Not Everyone Loves A Supermarket SpecialZachary Schiller
Ever wonder how that huge stack of paper towels at the end of the grocery aisle can sell at such a low price? Most often, the manufacturer has sold the product to your supermarket at less than the usual wholesale price. In fact, he may even have handed over cash to help promote his product.
Sounds pretty mundane. But as consumers scan the papers for specials on toothpaste and dog food, manufacturers and supermarkets use these promotions as a battlefield in their nationwide war over the control of consumer-goods prices--and profits. Now, Procter & Gamble Co., one of the mightiest of marketers, is adopting an everyday-low-pricing policy that may put an end to the complexity and cost of this war.
SHELF ASSURED. Manufacturers and supermarkets are duking it out because of two big problems. First, with U.S. population growth slow, large annual increases in consumption are a thing of the past. Second, real product innovations are scarce, so companies are often unable to distinguish their brands in meaningful ways. The short-term solution to this sluggishness has been price-cutting promotions that bring shoppers in and boost sales. In for a penny, in for a pound: As soon as one promotion ends, the pressure builds for another to keep sales numbers on the rise.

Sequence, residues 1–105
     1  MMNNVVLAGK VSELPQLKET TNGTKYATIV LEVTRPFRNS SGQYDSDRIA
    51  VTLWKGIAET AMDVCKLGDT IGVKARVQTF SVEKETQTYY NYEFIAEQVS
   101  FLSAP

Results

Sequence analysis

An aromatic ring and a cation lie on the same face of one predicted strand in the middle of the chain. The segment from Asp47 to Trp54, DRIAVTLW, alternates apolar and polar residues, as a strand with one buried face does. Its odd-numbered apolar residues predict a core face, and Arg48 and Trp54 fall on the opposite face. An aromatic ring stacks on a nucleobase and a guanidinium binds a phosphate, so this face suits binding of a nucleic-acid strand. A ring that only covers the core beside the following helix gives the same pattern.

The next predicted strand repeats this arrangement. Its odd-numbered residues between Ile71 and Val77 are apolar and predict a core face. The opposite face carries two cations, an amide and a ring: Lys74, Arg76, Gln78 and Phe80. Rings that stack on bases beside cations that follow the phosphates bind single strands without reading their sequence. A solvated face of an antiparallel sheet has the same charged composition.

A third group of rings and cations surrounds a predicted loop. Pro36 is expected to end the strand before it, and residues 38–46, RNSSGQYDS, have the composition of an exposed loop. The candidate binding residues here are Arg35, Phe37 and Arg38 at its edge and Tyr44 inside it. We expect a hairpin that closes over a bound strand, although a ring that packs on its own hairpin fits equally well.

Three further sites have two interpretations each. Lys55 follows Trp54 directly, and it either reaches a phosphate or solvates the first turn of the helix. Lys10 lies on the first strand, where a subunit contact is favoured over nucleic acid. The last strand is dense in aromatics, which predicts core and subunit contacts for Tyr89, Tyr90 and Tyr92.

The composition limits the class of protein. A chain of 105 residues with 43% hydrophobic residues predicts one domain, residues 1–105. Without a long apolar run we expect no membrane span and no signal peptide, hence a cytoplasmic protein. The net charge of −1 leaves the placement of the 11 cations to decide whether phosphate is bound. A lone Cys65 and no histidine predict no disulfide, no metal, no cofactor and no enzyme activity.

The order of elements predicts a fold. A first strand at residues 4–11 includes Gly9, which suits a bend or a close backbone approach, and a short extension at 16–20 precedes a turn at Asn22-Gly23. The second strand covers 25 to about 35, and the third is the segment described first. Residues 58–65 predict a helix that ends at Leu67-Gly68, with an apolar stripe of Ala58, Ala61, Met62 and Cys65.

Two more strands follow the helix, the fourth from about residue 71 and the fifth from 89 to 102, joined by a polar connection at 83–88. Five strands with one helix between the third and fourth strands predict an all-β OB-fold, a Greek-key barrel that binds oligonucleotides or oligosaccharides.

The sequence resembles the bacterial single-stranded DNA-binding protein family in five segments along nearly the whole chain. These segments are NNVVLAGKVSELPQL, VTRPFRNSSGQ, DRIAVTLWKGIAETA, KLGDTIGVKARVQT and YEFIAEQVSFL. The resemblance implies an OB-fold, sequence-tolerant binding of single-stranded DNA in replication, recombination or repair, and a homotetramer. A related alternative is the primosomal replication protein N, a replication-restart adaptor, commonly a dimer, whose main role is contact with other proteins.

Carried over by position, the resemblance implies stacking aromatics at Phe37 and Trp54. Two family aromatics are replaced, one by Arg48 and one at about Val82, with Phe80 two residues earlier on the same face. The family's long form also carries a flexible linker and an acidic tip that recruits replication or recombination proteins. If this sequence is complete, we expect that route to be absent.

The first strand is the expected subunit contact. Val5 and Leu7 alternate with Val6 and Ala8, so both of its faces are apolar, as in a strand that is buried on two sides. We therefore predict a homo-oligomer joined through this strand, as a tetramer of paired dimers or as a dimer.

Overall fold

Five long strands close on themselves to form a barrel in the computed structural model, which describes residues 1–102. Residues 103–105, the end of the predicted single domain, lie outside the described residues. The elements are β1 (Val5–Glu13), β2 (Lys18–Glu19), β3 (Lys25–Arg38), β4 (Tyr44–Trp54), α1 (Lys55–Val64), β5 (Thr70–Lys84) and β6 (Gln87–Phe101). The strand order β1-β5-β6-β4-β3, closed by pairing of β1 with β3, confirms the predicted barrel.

The need for a promotion fix gives the supermarkets plenty of power. They control the promotions--and the shelves. So the stores demand a wealth of subsidies from manufacturers, who often pay fees for shelf space and allocate more cash for marketing ploys such as "rotos"--the store-sponsored newspaper ads featuring special prices and coupons.
It all adds up. In 1970, manufacturers offered retailers promotional discounts averaging about 4%, according to consultants McKinsey & Co. Now, it's more like 10% to 15%. Some 44% of every dollar spent on advertising and promotion by manufacturers now goes to such discounts and fees, according to Donnelly Marketing Inc. That's up from 34% a decade ago.